in his struggles – first for the unified India, and then for the equal representation
of Muslims, and finally for Pakistan. Nonetheless, his utter resolve, endurance,
perseverance and political acuity capacitated him to accomplish what people
called mere hallucinations of an egotist.

 

The book also casts light on how
Jinnah’s political discourse and viewpoint evolved in response to the experiences
he underwent. A young patriotic Jinnah, who reinforced the notion of united
India at first, transformed into an intransigent opponent of the united
India over the period of forty bitter years. However, what remained consistent
about him were his intrinsic personal characteristics such as, adherence to
principles, willpower, discipline and integrity.

 

After reading Nelson Mandela’s
autobiography, “Long Walk to Freedom”, I was able to get better acquainted with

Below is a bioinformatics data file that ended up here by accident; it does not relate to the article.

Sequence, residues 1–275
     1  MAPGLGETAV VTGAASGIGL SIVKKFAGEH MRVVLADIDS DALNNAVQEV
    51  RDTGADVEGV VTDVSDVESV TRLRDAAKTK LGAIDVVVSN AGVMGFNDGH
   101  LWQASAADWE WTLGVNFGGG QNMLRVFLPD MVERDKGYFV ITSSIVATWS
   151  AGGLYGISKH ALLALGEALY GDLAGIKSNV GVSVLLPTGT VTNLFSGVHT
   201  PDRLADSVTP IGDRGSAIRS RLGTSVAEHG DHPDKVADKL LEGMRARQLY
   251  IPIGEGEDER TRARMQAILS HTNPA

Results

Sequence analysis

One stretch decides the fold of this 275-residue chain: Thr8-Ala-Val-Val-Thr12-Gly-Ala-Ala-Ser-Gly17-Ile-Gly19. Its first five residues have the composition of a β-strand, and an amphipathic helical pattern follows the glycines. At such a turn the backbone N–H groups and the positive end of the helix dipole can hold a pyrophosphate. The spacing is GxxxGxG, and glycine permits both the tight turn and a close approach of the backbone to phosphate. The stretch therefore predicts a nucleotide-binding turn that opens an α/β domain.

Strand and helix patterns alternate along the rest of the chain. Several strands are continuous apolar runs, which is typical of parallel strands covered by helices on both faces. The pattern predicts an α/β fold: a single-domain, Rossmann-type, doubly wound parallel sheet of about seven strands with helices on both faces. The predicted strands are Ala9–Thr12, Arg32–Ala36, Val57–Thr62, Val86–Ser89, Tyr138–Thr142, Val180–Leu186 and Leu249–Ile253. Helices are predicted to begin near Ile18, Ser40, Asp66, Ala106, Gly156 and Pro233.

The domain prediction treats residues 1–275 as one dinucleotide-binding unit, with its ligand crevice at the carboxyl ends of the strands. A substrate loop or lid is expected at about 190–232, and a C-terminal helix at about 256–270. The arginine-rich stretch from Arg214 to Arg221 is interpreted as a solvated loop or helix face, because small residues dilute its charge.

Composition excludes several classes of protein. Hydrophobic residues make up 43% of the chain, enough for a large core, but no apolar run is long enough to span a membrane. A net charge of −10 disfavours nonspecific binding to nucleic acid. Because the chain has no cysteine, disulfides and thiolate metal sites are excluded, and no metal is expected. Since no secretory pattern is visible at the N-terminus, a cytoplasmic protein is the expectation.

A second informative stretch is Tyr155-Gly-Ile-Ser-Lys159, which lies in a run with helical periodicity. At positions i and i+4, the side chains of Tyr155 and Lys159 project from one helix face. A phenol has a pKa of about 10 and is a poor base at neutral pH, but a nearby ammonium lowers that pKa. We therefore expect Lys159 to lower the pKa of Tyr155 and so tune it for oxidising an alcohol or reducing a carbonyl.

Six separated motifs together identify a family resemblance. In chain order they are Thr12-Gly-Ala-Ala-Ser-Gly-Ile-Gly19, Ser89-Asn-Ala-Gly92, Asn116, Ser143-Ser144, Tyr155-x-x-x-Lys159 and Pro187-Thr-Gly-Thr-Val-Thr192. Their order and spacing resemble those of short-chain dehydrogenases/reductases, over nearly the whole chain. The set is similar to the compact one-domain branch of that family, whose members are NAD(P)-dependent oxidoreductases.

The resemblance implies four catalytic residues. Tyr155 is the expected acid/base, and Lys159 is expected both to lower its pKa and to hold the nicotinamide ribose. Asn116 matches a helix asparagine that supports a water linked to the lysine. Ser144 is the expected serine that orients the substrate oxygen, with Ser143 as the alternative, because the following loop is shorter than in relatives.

his life events and the circumstances encompassing them. In classical and
elegant prose, he tells of his early life, gradual political arousal, and of
his vital role in the resurgence of ANC. He describes the struggle to synchronize
his political involvement with his devotion to his family, the intensifying
political strife between the ANC and the government during fifties that
climaxed with the notorious Rivonia Trial of 1964, at which he was sentenced to
life imprisonment.

Nelson Mandela is among the greatest
political leaders who remained resilient in the face of adversities.

As leader of South Africa’s
anti-apartheid crusade and president of the ANC, he played a monumental role in
leading the nation toward majority rule and multiracial government. He is
venerated everywhere as an essential force in the fight for human rights and
racial equality. His life had
been full of tribulations, but his commitment to the struggle never wavered.

 

From his
quotes, all of which are held in high esteem, this one motivates me the most to
make other peoples’ lives better from a position of influence, “What counts
in life is not the mere fact that we have lived. It is what difference we have made to the lives of
others that will determine the significance of the life we lead.”